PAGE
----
We also have a new program that we are launching called Smart Solar, which is funded by the city of Berkeley to be an unbiased informational resource for residents who are interested in adopting solar for their homes. I could send you some information on this program as well if you think community members are interested.
Christina C. http://www.risingsunenergy.org/
Any regrets with installing photovoltaic (solar) panels? How expensive is the maintenance? trying to be green
I wan't sure from your question if you were looking for reasons NOT to put solar panels on... We are very happy with ours--they provide 95%+ of the electricity for our family of four. In obvious dollar terms, in 7-10 years, it'll pay for itself (depending on future power costs), and it's profit after that... In more intangible ways, I feel that we are FINALLY doing SOMETHING--and it feels great! What maintenance!? We just hose it down every month in the dry season (lots of firs with pollen in our area). Just make sure your installer carefully studies potential shading from trees. We trimmed a couple on our lot, and are living with some winter shading from our neighbor's trees (otherwise, we'd be getting more than we use). kr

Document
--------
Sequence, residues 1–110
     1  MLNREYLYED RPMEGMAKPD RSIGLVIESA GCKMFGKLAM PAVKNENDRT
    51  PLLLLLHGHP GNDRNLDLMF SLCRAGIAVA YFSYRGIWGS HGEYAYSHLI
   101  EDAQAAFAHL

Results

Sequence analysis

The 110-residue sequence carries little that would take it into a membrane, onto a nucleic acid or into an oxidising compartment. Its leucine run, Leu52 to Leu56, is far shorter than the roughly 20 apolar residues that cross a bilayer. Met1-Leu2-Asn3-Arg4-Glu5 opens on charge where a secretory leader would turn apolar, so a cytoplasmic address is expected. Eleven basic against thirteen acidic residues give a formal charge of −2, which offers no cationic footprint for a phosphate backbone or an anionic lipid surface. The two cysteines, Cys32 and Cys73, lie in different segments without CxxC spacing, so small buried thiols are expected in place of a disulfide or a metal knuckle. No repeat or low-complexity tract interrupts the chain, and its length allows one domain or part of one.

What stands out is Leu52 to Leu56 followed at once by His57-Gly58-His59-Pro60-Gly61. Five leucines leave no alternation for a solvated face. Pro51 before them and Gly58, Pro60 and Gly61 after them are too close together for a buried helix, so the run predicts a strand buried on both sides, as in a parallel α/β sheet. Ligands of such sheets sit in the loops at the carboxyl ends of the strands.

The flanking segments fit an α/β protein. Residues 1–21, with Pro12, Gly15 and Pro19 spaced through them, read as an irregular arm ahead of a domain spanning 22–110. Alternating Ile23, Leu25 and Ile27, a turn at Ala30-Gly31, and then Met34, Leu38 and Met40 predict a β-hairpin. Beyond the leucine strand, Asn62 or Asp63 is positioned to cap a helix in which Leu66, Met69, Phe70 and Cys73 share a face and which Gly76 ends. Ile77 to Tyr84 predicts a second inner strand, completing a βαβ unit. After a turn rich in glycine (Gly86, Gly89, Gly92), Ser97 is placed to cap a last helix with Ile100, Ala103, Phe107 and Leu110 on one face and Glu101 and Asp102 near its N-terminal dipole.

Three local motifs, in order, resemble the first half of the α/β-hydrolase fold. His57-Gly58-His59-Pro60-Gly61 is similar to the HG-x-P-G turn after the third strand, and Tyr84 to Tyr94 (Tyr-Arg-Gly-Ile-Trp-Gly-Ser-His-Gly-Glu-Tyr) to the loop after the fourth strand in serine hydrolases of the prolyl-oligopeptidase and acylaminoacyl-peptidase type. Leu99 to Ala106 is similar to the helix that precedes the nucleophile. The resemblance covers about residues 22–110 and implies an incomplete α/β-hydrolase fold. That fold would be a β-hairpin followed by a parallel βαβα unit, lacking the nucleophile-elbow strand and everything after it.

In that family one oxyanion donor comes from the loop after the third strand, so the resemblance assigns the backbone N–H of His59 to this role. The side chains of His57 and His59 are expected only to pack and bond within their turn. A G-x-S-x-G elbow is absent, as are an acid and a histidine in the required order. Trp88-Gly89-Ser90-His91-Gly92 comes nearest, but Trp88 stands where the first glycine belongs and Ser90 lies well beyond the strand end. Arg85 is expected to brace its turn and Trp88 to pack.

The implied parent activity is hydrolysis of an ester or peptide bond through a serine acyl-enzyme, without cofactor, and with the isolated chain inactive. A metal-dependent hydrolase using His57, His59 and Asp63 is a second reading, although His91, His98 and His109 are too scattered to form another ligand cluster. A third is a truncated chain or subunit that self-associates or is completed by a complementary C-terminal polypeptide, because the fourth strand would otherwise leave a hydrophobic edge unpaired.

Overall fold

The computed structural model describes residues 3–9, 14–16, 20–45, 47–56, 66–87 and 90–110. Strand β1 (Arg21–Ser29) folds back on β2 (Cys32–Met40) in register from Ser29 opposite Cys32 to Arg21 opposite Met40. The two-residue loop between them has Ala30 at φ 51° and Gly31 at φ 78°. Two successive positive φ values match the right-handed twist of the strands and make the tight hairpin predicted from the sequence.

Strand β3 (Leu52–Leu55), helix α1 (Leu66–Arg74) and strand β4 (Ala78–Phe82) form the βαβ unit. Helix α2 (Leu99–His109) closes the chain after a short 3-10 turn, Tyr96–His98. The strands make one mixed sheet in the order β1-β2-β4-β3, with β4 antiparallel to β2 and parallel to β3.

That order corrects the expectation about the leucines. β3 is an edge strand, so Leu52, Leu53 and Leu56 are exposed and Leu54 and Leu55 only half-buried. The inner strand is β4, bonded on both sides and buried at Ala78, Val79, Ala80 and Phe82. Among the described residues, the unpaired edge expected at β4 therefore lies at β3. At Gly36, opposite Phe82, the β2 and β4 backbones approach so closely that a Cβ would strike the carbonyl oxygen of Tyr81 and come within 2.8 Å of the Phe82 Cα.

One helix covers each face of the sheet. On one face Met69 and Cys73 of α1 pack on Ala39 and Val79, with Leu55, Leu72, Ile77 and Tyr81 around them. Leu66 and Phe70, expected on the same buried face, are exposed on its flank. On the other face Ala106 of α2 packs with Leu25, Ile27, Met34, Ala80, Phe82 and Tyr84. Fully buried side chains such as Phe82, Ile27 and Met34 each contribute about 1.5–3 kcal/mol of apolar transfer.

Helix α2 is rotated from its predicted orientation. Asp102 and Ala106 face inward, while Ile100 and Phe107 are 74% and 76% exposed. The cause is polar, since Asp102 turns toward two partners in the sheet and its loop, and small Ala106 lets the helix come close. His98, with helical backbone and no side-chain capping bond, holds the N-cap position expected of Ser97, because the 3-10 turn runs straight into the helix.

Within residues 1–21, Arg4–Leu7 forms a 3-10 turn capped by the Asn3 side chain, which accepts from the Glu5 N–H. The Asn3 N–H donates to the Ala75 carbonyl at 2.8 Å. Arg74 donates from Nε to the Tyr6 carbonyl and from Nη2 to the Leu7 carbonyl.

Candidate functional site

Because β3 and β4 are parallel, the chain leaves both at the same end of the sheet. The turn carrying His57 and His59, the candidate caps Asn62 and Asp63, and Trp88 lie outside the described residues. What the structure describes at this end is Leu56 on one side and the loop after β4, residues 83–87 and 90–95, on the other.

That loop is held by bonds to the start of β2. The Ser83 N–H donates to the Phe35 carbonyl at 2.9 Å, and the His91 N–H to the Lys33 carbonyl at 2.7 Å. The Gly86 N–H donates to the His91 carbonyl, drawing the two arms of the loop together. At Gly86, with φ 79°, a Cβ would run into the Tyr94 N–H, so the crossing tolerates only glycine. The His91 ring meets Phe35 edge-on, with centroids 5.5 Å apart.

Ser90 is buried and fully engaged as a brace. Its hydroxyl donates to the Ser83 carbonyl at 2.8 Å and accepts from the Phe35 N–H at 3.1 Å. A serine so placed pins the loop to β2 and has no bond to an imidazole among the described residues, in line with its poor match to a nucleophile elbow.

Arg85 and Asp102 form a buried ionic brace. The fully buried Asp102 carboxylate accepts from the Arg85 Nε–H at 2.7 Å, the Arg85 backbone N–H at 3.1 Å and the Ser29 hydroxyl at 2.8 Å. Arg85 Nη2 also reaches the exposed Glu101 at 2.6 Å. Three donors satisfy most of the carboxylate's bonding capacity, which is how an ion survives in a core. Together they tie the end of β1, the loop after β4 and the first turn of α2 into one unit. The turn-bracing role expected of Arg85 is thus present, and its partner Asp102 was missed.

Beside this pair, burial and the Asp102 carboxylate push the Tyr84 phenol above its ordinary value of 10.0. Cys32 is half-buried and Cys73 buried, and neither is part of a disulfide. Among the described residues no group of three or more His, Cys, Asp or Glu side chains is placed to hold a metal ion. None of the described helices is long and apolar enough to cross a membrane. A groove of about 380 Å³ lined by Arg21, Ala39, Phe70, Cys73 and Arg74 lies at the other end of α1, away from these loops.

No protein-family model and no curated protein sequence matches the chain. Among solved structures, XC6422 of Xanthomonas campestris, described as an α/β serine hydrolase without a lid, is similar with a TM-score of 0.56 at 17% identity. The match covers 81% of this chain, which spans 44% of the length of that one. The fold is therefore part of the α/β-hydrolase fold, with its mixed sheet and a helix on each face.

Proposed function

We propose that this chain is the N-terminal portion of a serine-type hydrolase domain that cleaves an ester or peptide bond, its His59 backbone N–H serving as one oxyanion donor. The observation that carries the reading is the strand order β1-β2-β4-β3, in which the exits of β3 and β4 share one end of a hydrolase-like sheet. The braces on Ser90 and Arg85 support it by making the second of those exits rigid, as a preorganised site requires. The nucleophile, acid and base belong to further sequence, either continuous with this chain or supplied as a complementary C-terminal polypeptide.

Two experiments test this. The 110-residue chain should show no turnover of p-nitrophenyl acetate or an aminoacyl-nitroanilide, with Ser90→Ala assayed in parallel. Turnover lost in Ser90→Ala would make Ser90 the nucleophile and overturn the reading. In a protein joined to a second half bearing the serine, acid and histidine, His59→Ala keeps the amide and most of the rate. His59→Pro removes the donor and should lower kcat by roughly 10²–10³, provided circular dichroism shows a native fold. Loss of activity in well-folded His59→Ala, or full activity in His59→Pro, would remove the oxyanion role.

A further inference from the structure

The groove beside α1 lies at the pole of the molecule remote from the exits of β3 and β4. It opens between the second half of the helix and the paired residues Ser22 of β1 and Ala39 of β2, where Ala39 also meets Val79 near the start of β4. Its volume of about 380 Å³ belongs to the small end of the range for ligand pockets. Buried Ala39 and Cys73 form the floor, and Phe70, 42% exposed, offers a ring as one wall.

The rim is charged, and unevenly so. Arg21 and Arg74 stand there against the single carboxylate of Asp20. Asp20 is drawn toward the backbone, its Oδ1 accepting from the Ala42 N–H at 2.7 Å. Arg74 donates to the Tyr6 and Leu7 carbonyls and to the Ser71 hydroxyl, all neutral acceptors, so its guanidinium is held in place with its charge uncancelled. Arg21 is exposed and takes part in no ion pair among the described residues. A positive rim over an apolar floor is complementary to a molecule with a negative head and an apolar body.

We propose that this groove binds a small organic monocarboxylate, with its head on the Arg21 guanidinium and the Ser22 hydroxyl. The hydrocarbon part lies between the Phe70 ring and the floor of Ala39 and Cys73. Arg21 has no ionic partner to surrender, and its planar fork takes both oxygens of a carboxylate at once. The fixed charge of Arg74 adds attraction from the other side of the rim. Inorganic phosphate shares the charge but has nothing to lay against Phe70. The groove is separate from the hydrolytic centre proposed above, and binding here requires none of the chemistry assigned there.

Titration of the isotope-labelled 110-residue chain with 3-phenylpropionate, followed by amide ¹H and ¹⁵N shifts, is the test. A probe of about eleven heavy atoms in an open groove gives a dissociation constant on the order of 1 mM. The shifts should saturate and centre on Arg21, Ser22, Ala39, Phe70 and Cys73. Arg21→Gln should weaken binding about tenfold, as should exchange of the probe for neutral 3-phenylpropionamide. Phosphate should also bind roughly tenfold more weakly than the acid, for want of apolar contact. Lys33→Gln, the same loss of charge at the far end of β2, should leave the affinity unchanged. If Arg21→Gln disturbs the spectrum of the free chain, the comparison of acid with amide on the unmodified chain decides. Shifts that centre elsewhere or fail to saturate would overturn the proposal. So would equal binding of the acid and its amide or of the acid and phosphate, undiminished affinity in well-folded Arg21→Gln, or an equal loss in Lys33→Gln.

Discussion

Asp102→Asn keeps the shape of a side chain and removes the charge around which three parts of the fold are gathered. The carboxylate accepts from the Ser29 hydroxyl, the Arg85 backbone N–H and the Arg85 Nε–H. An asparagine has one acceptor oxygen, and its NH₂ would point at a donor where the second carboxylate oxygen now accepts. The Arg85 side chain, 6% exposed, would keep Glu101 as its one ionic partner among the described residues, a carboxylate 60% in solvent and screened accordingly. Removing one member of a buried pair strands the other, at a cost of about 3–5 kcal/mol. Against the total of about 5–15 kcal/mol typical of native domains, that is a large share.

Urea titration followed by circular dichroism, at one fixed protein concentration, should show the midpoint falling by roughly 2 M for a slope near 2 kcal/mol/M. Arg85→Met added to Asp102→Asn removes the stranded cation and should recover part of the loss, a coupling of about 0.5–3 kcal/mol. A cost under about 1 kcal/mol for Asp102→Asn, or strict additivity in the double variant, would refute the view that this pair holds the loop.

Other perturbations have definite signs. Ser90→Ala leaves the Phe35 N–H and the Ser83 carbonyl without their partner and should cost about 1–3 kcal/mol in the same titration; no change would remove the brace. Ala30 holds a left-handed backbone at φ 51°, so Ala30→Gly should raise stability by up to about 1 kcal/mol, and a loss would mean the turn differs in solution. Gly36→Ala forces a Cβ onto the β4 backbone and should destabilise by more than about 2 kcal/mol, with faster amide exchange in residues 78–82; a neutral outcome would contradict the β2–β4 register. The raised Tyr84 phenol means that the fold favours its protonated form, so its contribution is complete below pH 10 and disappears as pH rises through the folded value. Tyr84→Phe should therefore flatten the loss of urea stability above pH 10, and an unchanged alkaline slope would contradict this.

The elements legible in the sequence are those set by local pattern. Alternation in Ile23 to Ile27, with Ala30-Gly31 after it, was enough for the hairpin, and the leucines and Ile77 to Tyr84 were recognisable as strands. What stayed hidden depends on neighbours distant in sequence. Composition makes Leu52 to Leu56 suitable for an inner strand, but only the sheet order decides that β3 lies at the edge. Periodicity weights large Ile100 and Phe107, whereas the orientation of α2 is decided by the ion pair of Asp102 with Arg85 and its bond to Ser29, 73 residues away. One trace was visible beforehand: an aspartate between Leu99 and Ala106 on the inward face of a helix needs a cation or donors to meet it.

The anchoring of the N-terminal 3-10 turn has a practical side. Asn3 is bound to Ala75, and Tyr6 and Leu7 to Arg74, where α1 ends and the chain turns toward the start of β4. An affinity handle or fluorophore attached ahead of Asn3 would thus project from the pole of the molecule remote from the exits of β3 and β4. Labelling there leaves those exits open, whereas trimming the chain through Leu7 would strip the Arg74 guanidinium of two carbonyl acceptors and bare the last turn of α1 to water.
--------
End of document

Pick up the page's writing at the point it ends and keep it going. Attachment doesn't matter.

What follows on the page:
Solar City put solar panels on our roof last May and I have no complaints or regrets. They monitor the system for us at no additional charge and were quick to respond with the one maintenance issue we've had. (The inverter died and they replaced it no charge.) Trying to do our part
We have NO regrets after installing solar panels. We scheduled the installation the same time we put on our new roof. We also picked a location where there are no tall trees above/near the panels. We are now paying $5 a month to PG for the use of their wires. No other cost for electricity. We worked with Sunlight and Power and they did a great job helping us with the cost/benefit analysis and guiding us through the whole process. We are very happy with our decision. Kay
Hello, We'd like to install a solar electric system. Its really hard to distinguish one system from the next when doing an internet search, so I was wondering if anyone highly recommends the company they used? Thanks a bunch!! Elaine